In a prison system where a 15-minute phone conversation can cost up to $20, many convicts and their loved ones are unable to afford the costs of communication.

Thankfully, an ingenious new app designed by ex-convicts is offering an inexpensive and convenient way for inmates and their families to keep in touch.

Most prison facilities charge prisoners upwards of 25 cents per minute on the phone, and 40 cents per email. This cost, paired with the difficulty of sending photos and letters through traditional means, often results in a lack of communication between inmates and their families.

Pigeonly is a service that allows users to share their photos with inmates simply by taking a picture with their cell phone and uploading it to the app. The photo is then screened by Pigeonly employees so that it can be sent to the appropriate prison, printed onto paper, and delivered to the convicted recipient.

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Pigeonly, which has been called “Instagram for Prisons”, also offers postcard, letter, and greeting card-sending services. They even have an unlimited phone plan that reduces the cost of a call from 25 cents or more per minute to a flat $4.99 per month – all for the sake of facilitating a connection to the outside world for prisoners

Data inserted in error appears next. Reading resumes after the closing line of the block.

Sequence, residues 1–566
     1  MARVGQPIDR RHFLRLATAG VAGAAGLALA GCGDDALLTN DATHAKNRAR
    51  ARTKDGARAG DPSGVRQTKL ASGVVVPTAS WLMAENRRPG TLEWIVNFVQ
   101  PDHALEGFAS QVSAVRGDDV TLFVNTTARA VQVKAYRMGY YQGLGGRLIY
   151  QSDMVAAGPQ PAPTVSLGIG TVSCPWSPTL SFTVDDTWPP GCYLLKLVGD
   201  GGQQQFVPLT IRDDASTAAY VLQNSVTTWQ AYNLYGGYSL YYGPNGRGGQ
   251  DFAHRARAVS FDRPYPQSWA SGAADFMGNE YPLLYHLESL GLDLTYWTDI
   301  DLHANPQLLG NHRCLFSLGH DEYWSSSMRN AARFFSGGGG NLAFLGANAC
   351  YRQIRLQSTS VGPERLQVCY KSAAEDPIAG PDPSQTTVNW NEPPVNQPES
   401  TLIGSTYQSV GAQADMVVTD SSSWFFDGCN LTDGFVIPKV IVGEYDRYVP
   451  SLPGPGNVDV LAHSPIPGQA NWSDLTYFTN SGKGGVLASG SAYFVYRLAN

Frederick Hudson was inspired to create Pigeonly after spending 5 years in a federal penitentiary.

“I saw first-hand how difficult and expensive it was to stay in touch,” Hudson told Bloomberg in an interview. “I also saw how much of an impact that made on the person behind bars. I would see the guys that had the financial means to stay in touch and when they left prison I would hear that they were doing well, but those who didn’t have the support network on the outside – I’d see them coming back in.”

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Hutson is not alone in this observation. Studies show that maintaining contact with friends and families decreases the likelihood of recidivism and increases chances of employment after release, which also spares taxpayers the burden of substantial prison costs. Furthermore, children who maintain close bonds with incarcerated parents are also shown to display reduced rates of delinquency and behavioral problems.

After receiving a photo from his girlfriend, 43-year-old Cedric Benton stared at it for hours before pinning it to his prison cell wall, full of photos of loved ones.

“It might sound small, but that’s something we weren’t able to do before,” Benton told Bloomberg. “It also makes me think of my freedom and how I got to get out and stay out.”

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